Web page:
(Posted 14th October 2022)
Sub-Saharan Africa is projected to grow by 3.6 percent in 2022 – more than one percentage point slower than 2021 mainly due to a worldwide slowdown, tighter financial conditions, and volatile commodity prices. Rising food and energy prices are striking at the region’s most vulnerable, and public debt and inflation are at levels not seen in decades. The most recent turmoil comes on top of a prolonged pandemic, leaving authorities with their most difficult and uncertain policy environment in years. International support to address ongoing challenges, including food insecurity and the green energy transition, remains essential.
Sub-Saharan Africa’s economic activity is expected to slow significantly in 2022 and remain relatively modest in 2023. A downturn in advanced economies and emerging markets, tighter financial conditions, and volatile commodity prices, have undermined last year’s gains. Looking ahead, the outlook remains highly uncertain. Consequently, countries in the region are living on the edge, the International Monetary Fund (IMF) said in its latest Regional Economic Outlook for Sub-Saharan Africa.
“Late last year, sub-Saharan Africa appeared to be on a strong recovery path out of a long pandemic. Unfortunately, this progress has been abruptly interrupted by turmoil in global markets, placing further pressures on policymakers in the region,” stressed Abebe Aemro Selassie, Director of the IMF’s African Department.
The region is expected to grow by 3.6 percent in 2022, down from 4.7 percent in 2021, due to muted investment and the overall worsening of its balance of trade. Non-resource-intensive countries, which enjoy a more diverse economic structure, will continue to be among the region’s more dynamic and resilient economies, growing by 4.6 percent in 2022, compared to 3.3 percent in oil exporters and 3.1 percent in other resource-intensive countries.
Following worldwide trends, inflation has increased faster and more persistently than previously anticipated, reflecting mounting prices for essential food and energy items, which comprise about 50 percent of the region’s consumption basket. And while the recent pickup in inflation is less striking relative to historical averages for sub-Saharan Africa, the cost-of-living squeeze has pushed millions of people into acute food insecurity and could weigh on economic growth and undermine social and political stability.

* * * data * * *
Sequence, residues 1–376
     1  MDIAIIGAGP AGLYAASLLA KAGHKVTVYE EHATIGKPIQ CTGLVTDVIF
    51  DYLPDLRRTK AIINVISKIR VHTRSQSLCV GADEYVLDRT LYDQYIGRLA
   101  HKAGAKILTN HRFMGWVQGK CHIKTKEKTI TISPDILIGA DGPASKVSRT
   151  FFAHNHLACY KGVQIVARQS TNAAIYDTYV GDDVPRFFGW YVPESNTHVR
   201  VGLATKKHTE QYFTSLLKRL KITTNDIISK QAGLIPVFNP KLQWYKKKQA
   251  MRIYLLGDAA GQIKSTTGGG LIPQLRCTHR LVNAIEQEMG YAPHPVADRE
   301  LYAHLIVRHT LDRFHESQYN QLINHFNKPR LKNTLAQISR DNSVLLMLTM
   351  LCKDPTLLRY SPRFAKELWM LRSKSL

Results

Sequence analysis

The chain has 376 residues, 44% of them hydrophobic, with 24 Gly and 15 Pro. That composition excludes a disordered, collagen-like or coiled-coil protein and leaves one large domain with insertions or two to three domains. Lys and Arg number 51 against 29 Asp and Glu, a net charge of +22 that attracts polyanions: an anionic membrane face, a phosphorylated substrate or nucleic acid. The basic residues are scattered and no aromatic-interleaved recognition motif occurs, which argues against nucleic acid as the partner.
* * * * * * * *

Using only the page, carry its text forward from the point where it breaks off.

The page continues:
The most recent turmoil is just the latest in a series of shocks over the past few years, all of which have taken a toll on the region’s policy space. Public debt has reached about 60 percent of GDP, leaving the region with debt levels last seen in the early 2000s. In this regard, the composition of debt has shifted towards higher-cost private sources, increasing debt service costs and rollover risks. In fact, 19 of the region’s 35 low-income countries are now in debt distress or at high risk of distress.
Against this backdrop, Mr. Selassie pointed to four priorities for policy makers in the region:
“First, in the context of rising food insecurity, the utmost priority must be to protect the most vulnerable. Scarce resources should go to those who need them most. Poorly targeted emergency measures should be gradually phased out.
Second, to contend with increased inflation and tightening global interest rates, policymakers should cautiously raise policy rates, while keeping a close eye on inflation expectations and foreign exchange reserves.
Third, policy makers in the region need to continue consolidating their public finances to preserve fiscal sustainability, particularly in the context of rising interest rates. Credible medium-term fiscal frameworks, including effective debt management, can help lower borrowing costs. In countries with acute debt vulnerabilities, debt restructuring or reprofiling may be required, suggesting the need for improved implementation of the G20 Common Framework. And finally, they should set the stage for high-quality growth, amid accelerating climate change. Investment in resilient, green infrastructure, and capitalizing on the region’s sizable renewable-energy resources will require both innovative private finance and energy sector reforms.
Budget support—including official development financing and humanitarian assistance—has been declining over the past two decades while the region’s immediate and longer-term development needs are rising, particularly in areas such as food security and climate change. Increased support, including more concessional finance, will be crucial for sub-Saharan Africa to be able to pursue a low-carbon and climate-resilient growth path.
On our side, we have been supporting sub-Saharan Africa with close to $50 billion since the beginning of the pandemic; recent new Fund-supported programs (e.g., Benin, Cabo Verde, Mozambique, Tanzania, Zambia), have included policies to address the impact of the food crisis; and the IMF Board has just approved a new Food Shock Window to support our members suffering from acute food insecurity, a sharp food imports shock, or from a cereals export shock.
We are also helping catalyze new capital inflows by boosting local capacity and expanding our lending facilities with our new Resilience and Sustainability Trust to provide affordable financing to address longer-term structural challenges.
With help, sub-Saharan Africa will be poised to fulfill the promise of the African century, contributing to a more prosperous, greener future for the region and the world,” he said.